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Filtech 2016: Full of holes...

Adrian Wilson

As evidenced from the Filtech 2016 exhibition and conference held in Cologne, the size and number of pores in a filter fabric dominate design considerations.

19th October 2016

Adrian Wilson
 |  Cologne

Medical/Hygiene, Interiors, Transport/​Aerospace

At the Filtech 2016 exhibition and conference held in Cologne, Germany, from October 11-13, Jürgen Hanel, head of technical textiles finishing machinery specialist Monforts, remarked to me that when it comes to filter media, the key concern is not so much with the properties of a fabric, nor the fibres holding it together, but rather, the holes between those fibres in the fabric.

I hadn’t thought of it that way before, but it’s an easy way to nutshell many recent developments – the size and number of pores in a filter fabric dominate design considerations.

The size and number of pores in a filter fabric dominate design considerations. © Adrian Wilson

Nanofibres, for example, are all about creating much more surface over a given area, but in filter industry terms, it’s so that many more holes can be accommodated, to trap more and ever smaller particles.

The addition of nanofibre layers was a key theme at Filtech 2016, as evidenced by the latest products from nonwovens companies such as Ahlstrom, Donaldson, Hollingsworth and Vose, JX Nippon, Mann and Hummel, Neenah, Nxtgen, Porex etc.

Similarly, pleating is again about creating more surface space over a given area, in which to make more and increasingly smaller holes.

An interesting product here is the the Solaft StarBag promoted by Italy’s Testori, which can considerably reduce costs and solve bag house capacity problems. The filter’s pleated design doubles the available filter area in the same space as a traditional cylindrical or oval bag. The pleats are gathered at the top snap band so that the filter can fit in the same cell plate hole as a standard bag and horizontal bands sewn into the needlefelt, in combination with the frame, ensure it retains its pleats for its entire service life.

The Filtech 2016 exhibition and conference was held in Cologne, Germany, from October 11-13. © Adrian Wilson

The pleating machinery business is becoming very competitive. Joining established players in this technology field such as Swiss-headquartered JCEM and India’s A2Z in Cologne this year, was Roth Composite Machinery, headquartered in Steffenberg, Germany, formed from the merger of two well-known companies, EHA and Schlesinger. As part of Roth Industries with 1,100 employees, this new company can draw on the know-how and expertise from other business areas in filament winding and prepreg equipment for composites, as well as production machines for brushes and brooms, and involve 30 in-house design engineers in its projects.

Getting back to the subject of holes, Haver and Boecker, based in Oelde, Germany, is a manufacturer of woven wire fabrics and has developed a way of getting twice the number of pores into a square metre than is available from traditional weaves. The company has now adapted its in-house traditional weaving looms in order to do this at industrial production rates.

Pleating is again about creating more surface space over a given area, in which to make more and increasingly smaller holes. © Adrian Wilson

Haver and Boecker’s vice-president of sales, Friedrich Edelmeier, explained that the company’s RPD Hiflo-S woven mesh material can achieve twice the throughput volume flow for a given pore size than traditionally woven materials, as a result of its 3D structure.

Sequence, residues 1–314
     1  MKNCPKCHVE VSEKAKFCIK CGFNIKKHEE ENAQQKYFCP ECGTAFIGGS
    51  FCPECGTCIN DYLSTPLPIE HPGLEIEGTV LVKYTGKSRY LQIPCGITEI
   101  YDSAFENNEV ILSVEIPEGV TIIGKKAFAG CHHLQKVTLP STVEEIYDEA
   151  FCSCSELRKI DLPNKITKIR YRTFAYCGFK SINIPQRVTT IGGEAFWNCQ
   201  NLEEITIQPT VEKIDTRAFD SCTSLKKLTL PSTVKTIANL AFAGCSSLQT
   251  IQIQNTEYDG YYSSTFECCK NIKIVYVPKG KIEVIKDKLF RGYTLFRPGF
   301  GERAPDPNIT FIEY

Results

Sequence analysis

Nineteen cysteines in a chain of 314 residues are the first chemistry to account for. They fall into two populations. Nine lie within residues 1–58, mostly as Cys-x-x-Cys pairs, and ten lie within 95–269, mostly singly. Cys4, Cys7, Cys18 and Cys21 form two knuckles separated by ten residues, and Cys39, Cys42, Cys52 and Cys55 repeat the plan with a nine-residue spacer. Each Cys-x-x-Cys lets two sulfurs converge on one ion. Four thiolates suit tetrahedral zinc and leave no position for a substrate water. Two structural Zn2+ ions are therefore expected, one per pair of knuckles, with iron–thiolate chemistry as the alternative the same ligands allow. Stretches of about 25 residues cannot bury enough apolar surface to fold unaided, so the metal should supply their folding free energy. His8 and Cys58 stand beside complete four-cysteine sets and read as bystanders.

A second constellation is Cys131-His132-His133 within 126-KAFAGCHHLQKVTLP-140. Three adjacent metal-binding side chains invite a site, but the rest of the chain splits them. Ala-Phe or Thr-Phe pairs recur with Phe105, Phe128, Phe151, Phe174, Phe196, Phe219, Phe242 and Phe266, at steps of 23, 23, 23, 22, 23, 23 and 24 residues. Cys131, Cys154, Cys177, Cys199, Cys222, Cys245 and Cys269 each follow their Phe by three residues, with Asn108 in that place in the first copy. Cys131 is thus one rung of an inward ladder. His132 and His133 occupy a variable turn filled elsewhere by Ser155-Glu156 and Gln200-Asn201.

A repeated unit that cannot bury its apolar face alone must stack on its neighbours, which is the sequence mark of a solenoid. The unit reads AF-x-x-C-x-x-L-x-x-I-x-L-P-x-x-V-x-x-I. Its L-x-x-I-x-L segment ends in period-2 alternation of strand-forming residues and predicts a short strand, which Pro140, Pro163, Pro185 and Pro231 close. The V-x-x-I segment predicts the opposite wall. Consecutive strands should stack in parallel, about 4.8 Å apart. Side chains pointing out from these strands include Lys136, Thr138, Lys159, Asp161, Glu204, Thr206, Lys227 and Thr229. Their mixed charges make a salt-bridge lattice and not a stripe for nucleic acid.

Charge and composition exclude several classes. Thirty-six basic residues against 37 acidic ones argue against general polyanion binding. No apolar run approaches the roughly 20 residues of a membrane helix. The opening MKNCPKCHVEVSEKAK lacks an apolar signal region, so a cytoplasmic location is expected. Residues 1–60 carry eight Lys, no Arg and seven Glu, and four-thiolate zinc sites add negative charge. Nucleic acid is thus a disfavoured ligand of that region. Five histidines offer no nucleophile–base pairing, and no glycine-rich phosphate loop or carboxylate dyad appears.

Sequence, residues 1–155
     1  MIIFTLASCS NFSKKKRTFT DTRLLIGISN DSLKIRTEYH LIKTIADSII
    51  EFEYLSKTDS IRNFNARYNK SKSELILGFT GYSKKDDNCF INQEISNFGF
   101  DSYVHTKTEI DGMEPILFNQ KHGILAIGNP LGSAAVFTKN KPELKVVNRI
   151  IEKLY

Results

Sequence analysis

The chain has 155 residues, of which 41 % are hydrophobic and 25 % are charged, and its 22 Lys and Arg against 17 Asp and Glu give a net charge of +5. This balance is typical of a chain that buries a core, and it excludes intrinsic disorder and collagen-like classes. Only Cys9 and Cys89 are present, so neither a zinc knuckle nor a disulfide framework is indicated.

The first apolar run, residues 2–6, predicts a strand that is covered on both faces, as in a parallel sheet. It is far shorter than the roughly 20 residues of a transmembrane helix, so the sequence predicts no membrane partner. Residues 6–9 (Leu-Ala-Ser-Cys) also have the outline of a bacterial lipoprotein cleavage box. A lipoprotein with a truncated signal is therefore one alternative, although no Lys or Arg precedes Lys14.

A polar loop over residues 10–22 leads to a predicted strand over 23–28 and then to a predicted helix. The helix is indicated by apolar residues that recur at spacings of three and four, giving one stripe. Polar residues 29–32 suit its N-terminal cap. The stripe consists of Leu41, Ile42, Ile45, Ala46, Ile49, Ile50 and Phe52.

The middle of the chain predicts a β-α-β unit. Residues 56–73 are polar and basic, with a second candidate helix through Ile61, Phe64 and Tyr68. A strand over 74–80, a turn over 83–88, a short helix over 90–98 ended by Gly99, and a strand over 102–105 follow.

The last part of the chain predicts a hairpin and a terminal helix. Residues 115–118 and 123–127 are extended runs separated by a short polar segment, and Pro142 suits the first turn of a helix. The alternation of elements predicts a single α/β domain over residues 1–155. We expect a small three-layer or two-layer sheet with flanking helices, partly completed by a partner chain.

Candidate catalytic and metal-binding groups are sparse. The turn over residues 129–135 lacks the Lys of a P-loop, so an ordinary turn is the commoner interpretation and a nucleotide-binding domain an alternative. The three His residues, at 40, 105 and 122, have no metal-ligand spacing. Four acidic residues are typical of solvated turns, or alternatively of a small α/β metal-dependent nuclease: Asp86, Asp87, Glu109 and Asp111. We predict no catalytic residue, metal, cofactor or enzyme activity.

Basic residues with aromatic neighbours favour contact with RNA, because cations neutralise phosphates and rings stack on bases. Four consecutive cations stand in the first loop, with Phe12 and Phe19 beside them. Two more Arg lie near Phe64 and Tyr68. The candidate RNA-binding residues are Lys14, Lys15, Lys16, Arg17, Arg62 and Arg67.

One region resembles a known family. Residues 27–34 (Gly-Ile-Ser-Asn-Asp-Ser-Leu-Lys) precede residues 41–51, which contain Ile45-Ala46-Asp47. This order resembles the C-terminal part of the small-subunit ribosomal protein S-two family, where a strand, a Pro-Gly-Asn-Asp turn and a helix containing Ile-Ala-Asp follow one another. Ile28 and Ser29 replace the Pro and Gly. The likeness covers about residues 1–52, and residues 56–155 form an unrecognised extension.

“We have been able to optimise a 3D structure by separating the weft wires from one another so that the number of pores is doubled over a given surface area, but the pore size remains the same,” he said.

The company developed this technique with the assistance of the Math2Market GeoDict simulation system.

“The traditional way of designing and testing filter prototypes is costly and time consuming,” said Andreas Wiegman, CEO of Math2Market, which is based in Kaiserslauten, Germany. “This is due to the complex interplay of the material properties of the filter media, the arrangement of fibres in the medium, the physical and chemical properties of the fluid being filtered and the characteristics of the particles in the fluid. GeoDict is a modular package developed for the simulation of filtration processes and its modules help gain insights into the behavior of existing filters, and beyond that, to develop new filter media.”

Math2Market is based in Kaiserslauten, Germany. © Adrian Wilson

That may sound like a little more than just considering holes, but even keynote speaker Professor Gerhard Kasper, of the Karlsruhe Institute of Technology delivered a highly technical speech that in essence boiled down to either maximizing them, or sealing them.

Better filter media are not the only answer to an efficient filtration plant, he explained, talking specifically about the process of gas cleaning with pulse-jet filters.

Unwanted holes are just as critical, it seems, as those specifically engineered into filter fabrics.

“PTFE-coated membranes are very sensitive and prone to leakage, but it’s not just in the fabrics,” Professor Kasper explained. “Leaks from filter bags are transient, but those from elsewhere are continuous. In a well-maintained unit, fifty per cent of leaks are down to the hardware of filter systems – the gaskets and welds and seams – and in old plants much more than that. It’s where the majority of leaks are coming from.”

There was much more to Filtech than just holes, of course. This year, the conference comprised 174 papers presented by speakers coming from 23 countries and attracted around 40 new companies to swell exhibitors to a new record of 355.

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